Fresh twist in pension fund war

Fresh twist in pension fund war

MASERU-THERE is a new twist in the fierce battle over who manages the pension fund for the government’s nearly 35 000 employees.
The contract for the administrator of the Public Officers Defined Contribution Pension Fund (PODCPF) has been mired in an intense corporate battle between NBC Lesotho and Akani Retirement Fund Administrators for the past four months.

Four of the PODCPF’s nine trustees are fighting to block NBC Lesotho’s reappointment as administrator of the M7 billion-Fund.
In March the board reappointed NBC Lesotho for another three-year term but the contract could not be effected after an association of pensioners challenged it in the High Court.

But in a new twist the association’s case seems to have achieved the opposite of what it intended, at least in the short term.
thepost can now reveal that circumstances have forced the PODCPF’s trustees, including the four fighting in Akani’s corner, to extend the NBC’s contract which was due to expire at the end of April.

Two weeks ago the trustees extended the NBC Lesotho’s previous contract pending the finalisation of the pensioners’ case.
Thabo Thulo, the PODCPF’s Principal Officer, said the extension was necessary “to avoid a vacuum”.

“The board’s decision to reappoint the NBC Lesotho for another three-year term is still a subject of a court challenge,” Thulo said.

“The board however recognised that the Fund should always have an administrator so the previous contract was extended indefinitely pending finalisation of the case.”

He said “it is important for the members of the pension Fund to know that operations have not been affected by the matter”.
“There is therefore no reason to panic,” he added.
The pensioners’ case is yet to be heard.

Meanwhile, the battle between NBC and Akani Retirement Fund Administrators, which has played out in Lesotho and South Africa, rages on.
In South Africa the animosity between NBC Holdings – the sister company to NBC Lesotho – and Akani appears to have escalated in recent weeks.
The companies are already engaged in long-drawn legal battles in South Africa over the contract to manage Chemical Industries National Provident Fund (CINPF) which has 21 600 members and is estimated to be worth M8 billion.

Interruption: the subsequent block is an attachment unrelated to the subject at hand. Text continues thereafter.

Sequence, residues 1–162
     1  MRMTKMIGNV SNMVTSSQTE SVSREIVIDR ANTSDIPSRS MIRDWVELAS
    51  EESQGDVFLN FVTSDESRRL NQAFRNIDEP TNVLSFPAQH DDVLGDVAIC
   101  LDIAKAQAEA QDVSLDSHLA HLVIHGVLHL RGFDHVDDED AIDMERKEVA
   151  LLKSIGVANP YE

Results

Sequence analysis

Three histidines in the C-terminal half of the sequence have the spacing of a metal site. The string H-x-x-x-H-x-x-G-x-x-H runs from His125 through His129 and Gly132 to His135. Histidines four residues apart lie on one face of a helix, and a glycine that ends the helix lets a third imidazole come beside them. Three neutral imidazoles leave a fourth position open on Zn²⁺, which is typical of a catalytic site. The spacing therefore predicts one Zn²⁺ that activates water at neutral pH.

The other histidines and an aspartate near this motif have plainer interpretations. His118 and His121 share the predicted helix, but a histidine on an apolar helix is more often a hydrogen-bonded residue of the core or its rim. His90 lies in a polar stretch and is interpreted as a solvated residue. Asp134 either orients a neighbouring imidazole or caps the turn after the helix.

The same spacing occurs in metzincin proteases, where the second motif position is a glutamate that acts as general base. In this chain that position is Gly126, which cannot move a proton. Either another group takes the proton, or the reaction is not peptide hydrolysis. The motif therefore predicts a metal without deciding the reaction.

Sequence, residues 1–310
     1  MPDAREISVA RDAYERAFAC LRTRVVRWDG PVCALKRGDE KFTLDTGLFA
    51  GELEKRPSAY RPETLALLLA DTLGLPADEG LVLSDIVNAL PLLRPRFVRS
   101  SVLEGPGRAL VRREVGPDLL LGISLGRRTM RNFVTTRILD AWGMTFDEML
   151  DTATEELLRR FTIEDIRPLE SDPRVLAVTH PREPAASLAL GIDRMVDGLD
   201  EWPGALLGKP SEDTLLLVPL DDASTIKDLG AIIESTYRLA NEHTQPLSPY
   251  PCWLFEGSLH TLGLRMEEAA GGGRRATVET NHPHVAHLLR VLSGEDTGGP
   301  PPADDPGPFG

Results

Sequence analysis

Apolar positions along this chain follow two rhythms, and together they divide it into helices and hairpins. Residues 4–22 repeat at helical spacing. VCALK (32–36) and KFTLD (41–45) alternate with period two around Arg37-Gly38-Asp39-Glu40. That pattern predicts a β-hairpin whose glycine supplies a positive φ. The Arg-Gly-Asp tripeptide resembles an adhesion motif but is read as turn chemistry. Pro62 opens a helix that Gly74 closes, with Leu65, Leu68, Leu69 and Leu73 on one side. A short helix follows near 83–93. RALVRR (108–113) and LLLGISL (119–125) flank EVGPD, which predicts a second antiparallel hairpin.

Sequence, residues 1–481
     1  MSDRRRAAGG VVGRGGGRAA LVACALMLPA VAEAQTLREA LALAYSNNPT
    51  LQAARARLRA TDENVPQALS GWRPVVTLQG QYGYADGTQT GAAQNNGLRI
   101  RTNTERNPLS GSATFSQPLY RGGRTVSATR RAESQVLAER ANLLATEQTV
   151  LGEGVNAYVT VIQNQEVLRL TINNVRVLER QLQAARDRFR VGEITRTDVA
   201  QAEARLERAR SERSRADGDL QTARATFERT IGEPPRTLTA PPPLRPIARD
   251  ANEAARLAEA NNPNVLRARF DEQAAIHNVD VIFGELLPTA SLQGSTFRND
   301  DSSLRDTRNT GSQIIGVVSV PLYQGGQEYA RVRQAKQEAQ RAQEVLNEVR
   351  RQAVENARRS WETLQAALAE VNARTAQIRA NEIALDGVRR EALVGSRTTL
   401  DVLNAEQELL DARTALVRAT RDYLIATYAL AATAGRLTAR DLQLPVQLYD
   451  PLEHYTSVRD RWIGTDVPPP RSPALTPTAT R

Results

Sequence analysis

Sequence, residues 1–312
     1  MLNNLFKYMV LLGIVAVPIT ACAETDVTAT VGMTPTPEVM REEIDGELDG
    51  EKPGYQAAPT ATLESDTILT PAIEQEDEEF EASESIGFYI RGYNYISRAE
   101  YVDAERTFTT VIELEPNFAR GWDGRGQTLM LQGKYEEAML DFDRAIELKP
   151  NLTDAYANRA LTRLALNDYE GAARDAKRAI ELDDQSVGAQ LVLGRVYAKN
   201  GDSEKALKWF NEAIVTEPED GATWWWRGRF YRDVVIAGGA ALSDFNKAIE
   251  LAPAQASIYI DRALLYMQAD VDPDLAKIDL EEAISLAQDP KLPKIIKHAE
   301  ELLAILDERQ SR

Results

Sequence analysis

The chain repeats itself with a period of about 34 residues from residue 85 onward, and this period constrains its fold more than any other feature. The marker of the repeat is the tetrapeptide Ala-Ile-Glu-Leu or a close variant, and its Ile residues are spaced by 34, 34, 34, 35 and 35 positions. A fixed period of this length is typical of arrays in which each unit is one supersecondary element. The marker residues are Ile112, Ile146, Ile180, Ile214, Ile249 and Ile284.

In that case the NBC and some CINPF members argue that Akani used unsavory means and violated the CINPF’s rules to win the contract.
In court papers the NBC alleges Neighbour Funeral Services, a company linked to Akani, made payments to its former employees to instigate the CINPF to terminate its contract and appoint Akani.

There is an interim court order blocking Akani’s appointment and allowing the NBC to remain as CINPF’s administrator pending finalisation of the case in July this year.

In the most recent case Akani brought a defamation case against NBC Holding and NBC Lesotho over allegations made in both Lesotho and South Africa.

Akani’s main gripe is over the NBC Holdings’ letter updating CINPF employers about the court battle between the two companies.
Akani was irked by the NBC’s statement that the judgement said there was “strong evidence of corruption” against it. This statement, it said, was a misrepresentation of the interim order and gave an impression that the court had made conclusive findings on the corruption allegations raised by NBC.

Akani also took issue with the allegations made by a senior NBC Lesotho official in a local newspaper. The officials told the newspaper that Akani was corrupt and had its licence revoked in eSwatini.
Akani said these statements were false and defamatory while the NBC insisted that the allegations were true and it had correctly interpreted the interim order. It also argued that the South African court had no jurisdiction to deal with an incident in Lesotho.

This week Justice Roland Sutherland of the South African High Court found in Akani’s favour, saying the NBC’s allegations of corruption were defamatory because the court is yet to rule on them in the ongoing case.
Justice Sutherland ordered the NBC to correct those statements but did not impose any damages.

But Akani’s victory in the defamation case appears to have come at some cost.
This is because in seeking to defend itself against the lawsuit the NBC made further allegations of corruption against Akani.

For instance, it told the court that it had bank statements showing that Neighbour Funeral Services made further payments to several senior members of the CINPF management, board of trustees and unions.
The officials who are named in court papers cannot be identified because they are yet to respond to the allegations.

The NBC also said there were payments of about R170 000 to its three former employees.
Akani has denied the allegations, insisting that the payments were for work done or insurance payouts.

Staff Reporter

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